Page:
Why Stephen Harper’s terror bill may not be as popular as he thinks
Is Stephen Harper’s terror bill really popular with Canadians? If you saw a Globe and Mail headline from last week, you may have been left with the impression that Bill C-51 is a “political juggernaut.” Peter MacKay saw it — Canada’s justice minister has been flaunting the poll as evidence that the public overwhelmingly “supports these new measures.” Even though the vaguely-worded […]
Is Stephen Harper’s terror bill really popular with Canadians?
Peter MacKay saw it — Canada’s justice minister has been flaunting the poll as evidence that the public overwhelmingly “supports these new measures.”
Even though the vaguely-worded bill has been blasted by former prime ministers, Supreme Court justices and a parade of security and legal experts for expanding police powers without oversight and threatening the basic freedoms and civil liberties of Canadians, the Globe’s report on an Angus Reid poll found that four in five Canadians support the terror bill — while an additional 36% say it doesn’t “go far enough.”
But even more extraordinary than that — less than 24 hours later, the Globe published an editorial expressing skepticism about their own report and urged Canadians to ask “a lot more questions.”
“What does ‘promote terrorism’ actually mean?” the Globe’s editorial asked. And “are Canadians aware of the lengthy history of intelligence agencies, in this country and elsewhere, overtstepping their mandates?”
The editorial concluded:
“Sixty-nine per cent of poll respondents said ‘there should be additional oversight to ensure the police agencies do not go overboard with these new powers.’ Should Canadians insist on those safeguards? Or would it be wiser to pass the bill into law without additional oversight, and hope for the best?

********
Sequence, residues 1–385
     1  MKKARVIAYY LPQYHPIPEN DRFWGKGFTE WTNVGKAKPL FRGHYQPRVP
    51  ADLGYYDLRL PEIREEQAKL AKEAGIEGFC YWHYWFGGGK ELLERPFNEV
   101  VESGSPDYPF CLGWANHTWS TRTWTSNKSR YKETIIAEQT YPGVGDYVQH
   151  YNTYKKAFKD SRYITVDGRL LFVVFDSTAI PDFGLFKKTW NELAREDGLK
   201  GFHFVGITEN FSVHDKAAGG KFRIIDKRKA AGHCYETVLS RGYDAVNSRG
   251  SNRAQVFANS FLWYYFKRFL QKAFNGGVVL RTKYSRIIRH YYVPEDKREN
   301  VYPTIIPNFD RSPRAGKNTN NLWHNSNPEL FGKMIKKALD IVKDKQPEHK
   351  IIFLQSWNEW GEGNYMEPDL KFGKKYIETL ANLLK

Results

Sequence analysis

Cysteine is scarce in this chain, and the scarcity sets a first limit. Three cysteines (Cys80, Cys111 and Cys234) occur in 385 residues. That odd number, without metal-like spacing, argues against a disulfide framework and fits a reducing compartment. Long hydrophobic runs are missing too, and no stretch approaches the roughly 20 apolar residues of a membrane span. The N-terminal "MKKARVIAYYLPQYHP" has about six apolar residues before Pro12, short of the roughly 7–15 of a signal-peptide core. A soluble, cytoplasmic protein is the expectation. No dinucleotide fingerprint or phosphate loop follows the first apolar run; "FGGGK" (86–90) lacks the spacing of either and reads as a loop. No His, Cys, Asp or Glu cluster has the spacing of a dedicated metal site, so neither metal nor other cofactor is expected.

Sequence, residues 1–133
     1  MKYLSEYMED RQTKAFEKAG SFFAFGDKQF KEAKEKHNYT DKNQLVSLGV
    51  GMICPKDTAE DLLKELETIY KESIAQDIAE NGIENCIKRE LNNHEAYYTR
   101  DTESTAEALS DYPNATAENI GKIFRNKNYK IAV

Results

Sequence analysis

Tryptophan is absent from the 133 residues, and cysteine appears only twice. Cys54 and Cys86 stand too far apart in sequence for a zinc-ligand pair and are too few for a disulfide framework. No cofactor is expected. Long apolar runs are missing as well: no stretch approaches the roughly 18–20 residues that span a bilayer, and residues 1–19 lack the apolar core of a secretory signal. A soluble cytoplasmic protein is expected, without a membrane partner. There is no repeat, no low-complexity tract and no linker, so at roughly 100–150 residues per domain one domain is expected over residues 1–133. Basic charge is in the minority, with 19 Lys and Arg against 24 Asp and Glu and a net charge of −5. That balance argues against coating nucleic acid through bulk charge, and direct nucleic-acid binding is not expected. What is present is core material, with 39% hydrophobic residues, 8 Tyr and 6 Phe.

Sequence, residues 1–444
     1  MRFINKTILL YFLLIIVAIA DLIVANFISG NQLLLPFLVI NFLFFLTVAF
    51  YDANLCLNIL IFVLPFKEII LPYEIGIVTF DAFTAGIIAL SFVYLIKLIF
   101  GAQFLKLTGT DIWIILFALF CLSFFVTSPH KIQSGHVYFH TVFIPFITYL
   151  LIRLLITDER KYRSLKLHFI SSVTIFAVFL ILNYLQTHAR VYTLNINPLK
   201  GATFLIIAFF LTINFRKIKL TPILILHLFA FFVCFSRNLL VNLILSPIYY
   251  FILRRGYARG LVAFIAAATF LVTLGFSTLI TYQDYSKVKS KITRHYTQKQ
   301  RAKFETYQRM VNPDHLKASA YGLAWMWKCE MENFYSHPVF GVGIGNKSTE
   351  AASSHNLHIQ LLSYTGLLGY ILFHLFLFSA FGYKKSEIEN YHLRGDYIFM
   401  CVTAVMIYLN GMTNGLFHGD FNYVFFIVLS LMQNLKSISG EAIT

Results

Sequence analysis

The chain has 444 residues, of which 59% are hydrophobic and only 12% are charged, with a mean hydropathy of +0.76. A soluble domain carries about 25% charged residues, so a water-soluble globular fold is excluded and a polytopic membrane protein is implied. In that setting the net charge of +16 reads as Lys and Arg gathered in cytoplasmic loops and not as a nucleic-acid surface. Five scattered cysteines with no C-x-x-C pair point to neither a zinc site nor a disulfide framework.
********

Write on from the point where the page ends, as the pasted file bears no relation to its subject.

There is more to Bill C-51 than the political selling points highlighted by the pollsters. The legislation is too vague and too broad. Canadians should be asking a lot more questions.”
What’s more, if you read past the headline numbers in Angus Reid’s report, the public’s level of concern varies by age.
While, overall, 69% told the pollster “there should be additional oversight to ensure the police agencies do not go overboard with these new powers,” nearly 75% of Canadians under 35 and 70% between 35 and 54 called for those additional checks and balances:
But who knows what any of this actually means?
A closer look at the fine print shows that a majority of the poll’s respondents said they had either not heard about Bill C-51 or had “just scanned” a story / saw a headline. In Quebec alone, a full 69% of respondents indicated they had no in-depth knowledge of the bill before answering the poll:
How representative is this of public opinion? What do people think who’ve actually read a news story about the bill? Do these numbers reflect a broad public that isn’t very informed on the debate, or a pool of poll respondents who don’t closely follow the news?
Here’s what this looks like as a pie chart:
Suddenly, the bill no longer looks like a “political juggernaut.”
At the very least, we can say this: on the surface, Canadians seem to be as concerned about privacy and civil liberties as they are about security. So is it still a good idea for the Conservatives to rush through new powers without a full and open public debate?
As CBC’s At Issue panel recently noted, the Tories attempts to ram through new terror laws by shutting down debate could easily alienate Canadian conservatives who criticize ‘big government’ and value civil liberties and freedom of speech.
Yet Stephen Harper’s Conservatives continue to insist that no new oversight is needed for their newly-expanded powers.
How conservative is that?
Photo: PMWebPhotos. Used under Creative Commons licenses.
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